Pimsleur learning language system – Approach and method review

The Pimsleur language learning system is an audio based course which presents phrases in the target language first, and then in your mother tongue for you to translate into that language.

This was developed based on research carried out by linguist Paul Pimsleur several decades ago. The course being sold by Simon & Schuster comes in 30 half an hour sessions, or in smaller units of 10 half an hour sessions.

Other languages go up to 45 hours whereas Hungarian only has a 15 hour course. Obviously one can only base what they gotten out of this course for the purposes of this post based on the 15 hour course.

The audio showcases words and phrases to you, with their translation, either said in segregation or in a suggested context (the audio tells you to “imagine you are at a restaurant in central Budapest” for example).

There is then a pause for a person to repeat the phrase, or to recall a previously learned one from memory. The audio then gives you the answer so that one can confirm you were right or learn it better for next time.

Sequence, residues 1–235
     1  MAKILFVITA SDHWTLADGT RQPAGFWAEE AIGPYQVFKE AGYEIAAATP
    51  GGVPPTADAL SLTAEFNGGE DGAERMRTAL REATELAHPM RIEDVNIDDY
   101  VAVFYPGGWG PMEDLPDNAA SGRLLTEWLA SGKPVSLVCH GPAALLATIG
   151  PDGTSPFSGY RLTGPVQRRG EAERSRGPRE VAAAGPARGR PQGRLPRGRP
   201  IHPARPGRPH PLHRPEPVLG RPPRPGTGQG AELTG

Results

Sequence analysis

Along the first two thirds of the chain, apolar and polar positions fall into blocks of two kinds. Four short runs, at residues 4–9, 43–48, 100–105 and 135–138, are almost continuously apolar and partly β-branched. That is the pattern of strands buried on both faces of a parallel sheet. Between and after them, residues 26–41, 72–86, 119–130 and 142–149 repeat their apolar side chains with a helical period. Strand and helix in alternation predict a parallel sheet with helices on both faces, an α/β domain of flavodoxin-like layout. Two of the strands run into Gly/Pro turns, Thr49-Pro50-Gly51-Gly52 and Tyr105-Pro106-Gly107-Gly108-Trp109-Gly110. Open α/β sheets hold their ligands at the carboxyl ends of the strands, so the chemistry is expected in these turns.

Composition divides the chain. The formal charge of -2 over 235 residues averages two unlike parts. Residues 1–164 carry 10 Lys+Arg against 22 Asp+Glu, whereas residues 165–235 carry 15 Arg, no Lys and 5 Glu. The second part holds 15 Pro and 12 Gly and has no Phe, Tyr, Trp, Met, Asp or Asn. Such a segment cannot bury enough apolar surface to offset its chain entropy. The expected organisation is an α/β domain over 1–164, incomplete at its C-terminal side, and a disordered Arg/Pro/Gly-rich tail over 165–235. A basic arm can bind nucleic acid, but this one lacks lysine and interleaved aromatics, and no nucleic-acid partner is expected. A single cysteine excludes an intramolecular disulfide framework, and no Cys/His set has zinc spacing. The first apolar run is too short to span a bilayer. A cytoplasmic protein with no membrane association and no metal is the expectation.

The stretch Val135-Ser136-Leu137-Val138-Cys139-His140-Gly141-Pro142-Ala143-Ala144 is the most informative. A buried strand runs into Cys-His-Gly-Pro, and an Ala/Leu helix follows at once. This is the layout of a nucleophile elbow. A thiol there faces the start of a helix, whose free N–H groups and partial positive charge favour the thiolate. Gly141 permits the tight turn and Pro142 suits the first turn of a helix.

The system is almost exclusively audio based. There are some reading material for particular units in Hungarian, but even those are to be read while listening to the audio that gives instructions on how to proceed. The vast majority of what is said to you will never be written down in any form, so this is really forcing a person to get used to the spoken language and not being able to read it at any time.

Similar to any course, no matter how flawed, this can teach you something. It helps a person with improved sentence intonation for example, and also teaches a couple of basic words.